Day one of free agency is normally filled with crazy deals struck during the initial feeding frenzy. Each year, we screech, “(Insert player’s name here) is worth (insert millions of dollars)?! No chance! Our society has gone haywire!”
Today is a little different. Haywire has a new definition. The bar has been raised.
Timofey Mozgov, a player with nine DNPCDs (did not play – coach’s decision) in the recently concluded playoffs, has agreed to a deal worth $64 million over four years with the Los Angeles Lakers.
Other deals are equally outrageous. Mediocrity is being rewarded at a level that is more than troubling – it’s unsustainable and a potentially poisonous element in the popularity of the NBA.
Paying the best an enormous amount of money is one thing. That’s understandable. Rewarding abject mediocrity is quite another. Fans don’t – can’t – understand that.
Want to give LeBron James $100 million? Great. He’s worth it. Mozgov gets $16M per, and fans’ brows furrow as we question the sanity of the entire system.
Here are the seven reasons to be appalled and confused by day one of NBA free agency:
7 – Our society of ribbons for everyone is now being extended to the NBA. For years, adults have lamented the trend toward making every kid feel special, thereby making none feel special. Rewarding mediocrity has been so thoroughly inculcated into our society that it has now extended to the NBA. C student level pro basketball players are now being paid 200 times the average household income.
6 – Every kid with a dream is going to gravitate away from football and baseball toward hoops. Chicago Cubs third baseman Kris Bryant might win the National League’s Most Valuable Player Award this year. He is scheduled to earn $652,000 for that work – a salary 98% of Americans would covet. That is 27 times less than Joakim Noah will be paid as a broken down 31 year-old midway through the back nine of his career. Bryant will eventually sign a huge deal, but right now if you are evaluating the risk reward of a career path in pro sports, basketball is the obvious choice by a factor of, well, 27.
5 – The Pacers cannot get better given their resources. Larry Bird has roughly $22 million to spend on the roster to fill spots vacated by Jordan Hill, Solomon Hill, and Ian Mahinmi, but at an average of seven million each, who can they sign that might represent an upgrade? If Timofey Mozgov is worth $16 million, how good can a guy be who is paid less than half of Mozgov?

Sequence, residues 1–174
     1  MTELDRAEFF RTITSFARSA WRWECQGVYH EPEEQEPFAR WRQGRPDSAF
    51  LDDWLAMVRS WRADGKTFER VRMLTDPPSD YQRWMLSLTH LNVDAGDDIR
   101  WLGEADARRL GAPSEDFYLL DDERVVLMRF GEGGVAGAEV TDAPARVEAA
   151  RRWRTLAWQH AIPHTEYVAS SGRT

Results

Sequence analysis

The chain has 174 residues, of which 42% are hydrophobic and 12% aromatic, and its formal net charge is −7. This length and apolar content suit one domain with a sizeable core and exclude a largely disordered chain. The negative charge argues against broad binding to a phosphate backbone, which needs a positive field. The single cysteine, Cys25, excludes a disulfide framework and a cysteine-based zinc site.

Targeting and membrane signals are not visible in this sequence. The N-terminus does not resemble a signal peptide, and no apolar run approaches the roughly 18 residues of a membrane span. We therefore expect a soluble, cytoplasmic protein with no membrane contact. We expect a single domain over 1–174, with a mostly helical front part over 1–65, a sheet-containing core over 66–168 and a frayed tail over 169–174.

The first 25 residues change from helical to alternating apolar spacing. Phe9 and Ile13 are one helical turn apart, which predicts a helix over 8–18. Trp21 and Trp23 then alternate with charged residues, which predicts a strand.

4 – No reason to spend beyond the basement. The NBA salary cap is projected to be $94 million. That number is well publicized. There is another number that is more important to the NBA players – the basement that NBA teams must spend to. That amount is projected to be $83.6, and it is driving the cost of mediocre to poor players in the NBA through the roof. The previous cap number was $70M, so teams who spent to the cap in 2015-2016 MUST spend an additional $13.6M (don’t forget the $.6, which represents roughly 10 times the median household income for families in Indiana) to be in compliance with the collective bargaining agreement. Why spend an additional $10 million when it gets you 5/8s of a Mozgov.
3 – The NBA is now Power Ball. For kids growing up in poverty, the NBA sure looks like a path up and out. Sadly, the NBA is a very exclusive club requiring ridiculous athleticism, coordination, and work ethic. Membership is limited to 450 men each year, and that means millions of kids with a dream will eventually realize that all that work on handles and defensive footwork was wasted.
2 – Timofey Mozgov’s deal could fund lot of education/protection. The Los Angeles Lakers determined that a player incapable of getting off the bench for the world champion Cleveland Cavaliers was worth $64 million for four more years of watching basketball. At $50,000 per teacher or policeman, Mozgov’s salary would pay 320 salaries for those dedicated to teaching our young and protecting all of us.
1 – Max deals have to go. Fans understand that a singular talent like LeBron James is worth $100 million per year, but no one embraces the notion of mediocrity being rewarded with deals worth more than $10 million. O.J. Mayo is likely to sign a deal that pays him in that neighborhood, and he has been a deteriorating and selfish player for years. Joakim Noah is ready to sign a contract that will guarantee him $72 million for four years despite injuries that will likely keep him off the floor for the majority of the 328 regular season games the Knicks will play during that term. LeBron? Durant? Steph? Pay the man! Timofey? Mayo? Joakim? C students deserve C level money, not CEO money. The rule capping salaries is raising the bottom at the expense of the outstanding, and that is wrong.
Kent Sterling hosts the fastest growing sports talk show in Indianapolis on CBS Sports 1430 every weekday from 3p-6p, and writes about Indiana sports at kentsterling.com.